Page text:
Family discussion: Which of Walter’s gadgets would you like to have? Who is on your team and whose team are you on? What’s the best part of being weird?

If you like this, try: “Megamind,” “Robots,” and “Rio”

Related Tags:

 

3D Animation DVD/Blu-Ray movie review Movies Spies

The Shape of Water

Posted on December 7, 2017 at 3:37 pm

A-
Lowest Recommended Age: Mature High Schooler
MPAA Rating: Rated R for sexual content, graphic nudity, violence and language
Profanity: Strong language
Alcohol/ Drugs: Alcohol, smoking
Violence/ Scariness: Intense and graphic violence, peril, torture, murder
Diversity Issues: A theme of the movie
Date Released to Theaters: December 9, 2017
Date Released to DVD: March 12, 2018
Copyright 2017 Fox Searchlight

There is some reassuring symmetry in the cinematic bookends that gave us “Beauty and the Beast” in January (the highest-grossing film of the year), a “Beauty is the beast” film with the mid-year’s “Colossal,” and now, in December, another variation with Guillermo del Toro’s enthralling R-rated fairy tale, “The Shape of Water,” which was awarded the 2018 Oscars for Best Picture and Best Director.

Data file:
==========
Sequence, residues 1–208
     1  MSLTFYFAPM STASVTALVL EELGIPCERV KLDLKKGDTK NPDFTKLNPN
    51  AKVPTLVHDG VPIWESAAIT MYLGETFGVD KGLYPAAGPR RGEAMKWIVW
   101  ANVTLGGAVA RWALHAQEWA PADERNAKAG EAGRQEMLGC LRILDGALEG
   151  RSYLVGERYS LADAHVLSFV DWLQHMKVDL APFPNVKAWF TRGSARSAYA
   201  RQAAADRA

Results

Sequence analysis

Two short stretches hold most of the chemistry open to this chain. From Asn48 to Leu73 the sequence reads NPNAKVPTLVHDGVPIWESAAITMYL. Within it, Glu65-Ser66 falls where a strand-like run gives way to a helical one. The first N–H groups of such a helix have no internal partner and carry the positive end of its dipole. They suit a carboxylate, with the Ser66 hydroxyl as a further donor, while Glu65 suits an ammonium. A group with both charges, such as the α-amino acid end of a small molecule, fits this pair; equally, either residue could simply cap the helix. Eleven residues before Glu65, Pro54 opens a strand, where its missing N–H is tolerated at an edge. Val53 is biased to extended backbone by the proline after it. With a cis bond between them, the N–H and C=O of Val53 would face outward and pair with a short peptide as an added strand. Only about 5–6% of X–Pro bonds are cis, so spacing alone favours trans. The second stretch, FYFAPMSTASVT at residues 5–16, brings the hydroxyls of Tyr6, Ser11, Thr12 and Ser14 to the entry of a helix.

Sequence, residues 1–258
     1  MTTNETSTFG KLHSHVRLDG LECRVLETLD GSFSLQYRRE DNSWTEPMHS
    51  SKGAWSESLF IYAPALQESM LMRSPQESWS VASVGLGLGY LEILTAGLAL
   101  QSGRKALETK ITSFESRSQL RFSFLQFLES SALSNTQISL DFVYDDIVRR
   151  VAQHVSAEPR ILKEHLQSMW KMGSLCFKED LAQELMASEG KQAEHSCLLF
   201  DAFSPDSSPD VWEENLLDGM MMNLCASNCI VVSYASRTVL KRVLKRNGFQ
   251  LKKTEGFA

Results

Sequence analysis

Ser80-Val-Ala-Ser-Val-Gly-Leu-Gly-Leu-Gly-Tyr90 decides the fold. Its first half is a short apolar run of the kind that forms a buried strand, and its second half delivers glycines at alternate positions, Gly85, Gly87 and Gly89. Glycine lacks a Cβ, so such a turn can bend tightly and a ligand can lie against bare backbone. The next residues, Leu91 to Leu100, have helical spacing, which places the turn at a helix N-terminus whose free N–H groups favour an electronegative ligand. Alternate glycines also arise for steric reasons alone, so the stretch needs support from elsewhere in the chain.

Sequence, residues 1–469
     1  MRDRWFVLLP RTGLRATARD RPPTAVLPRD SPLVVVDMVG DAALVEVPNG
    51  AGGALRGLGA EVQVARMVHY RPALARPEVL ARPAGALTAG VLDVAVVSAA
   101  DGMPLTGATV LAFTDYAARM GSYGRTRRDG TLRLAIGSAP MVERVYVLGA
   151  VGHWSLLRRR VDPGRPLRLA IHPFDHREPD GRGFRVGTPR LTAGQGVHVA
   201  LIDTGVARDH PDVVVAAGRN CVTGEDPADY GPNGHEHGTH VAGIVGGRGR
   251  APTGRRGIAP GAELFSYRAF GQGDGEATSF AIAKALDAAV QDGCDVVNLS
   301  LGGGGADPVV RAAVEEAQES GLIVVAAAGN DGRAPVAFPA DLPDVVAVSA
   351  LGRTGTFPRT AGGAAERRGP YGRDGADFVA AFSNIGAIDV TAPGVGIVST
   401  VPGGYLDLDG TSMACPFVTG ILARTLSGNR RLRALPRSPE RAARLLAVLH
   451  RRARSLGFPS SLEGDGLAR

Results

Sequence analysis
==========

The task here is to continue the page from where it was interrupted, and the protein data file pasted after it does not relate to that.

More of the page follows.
Sally Hawkins is luminous as Elisa Esposito, a custodian in a secret government lab during the cold war era. Her closest friends are her chatty, unhappily married colleague Zelda (Octavia Spencer) and her neighbor Giles (Richard Jenkins), an anxious, cat-loving, old-movie-watching, out-of-work illustrator. They are the only two people who can communicate with Elisa. She can hear but is mute due to a childhood injury, and uses via American Sign Language.

The film is as gorgeous as any enchanted tale could wish, with a green-blue color palette that evokes the sea and old-school, analog equipment in cavernous rooms and huge, clanking equipment harking back to early horror classics like “Frankenstein” and “Creature from the Black Lagoon” (the later of which del Toro acknowledges as inspiration), with a nod to princess in the castle stories as well.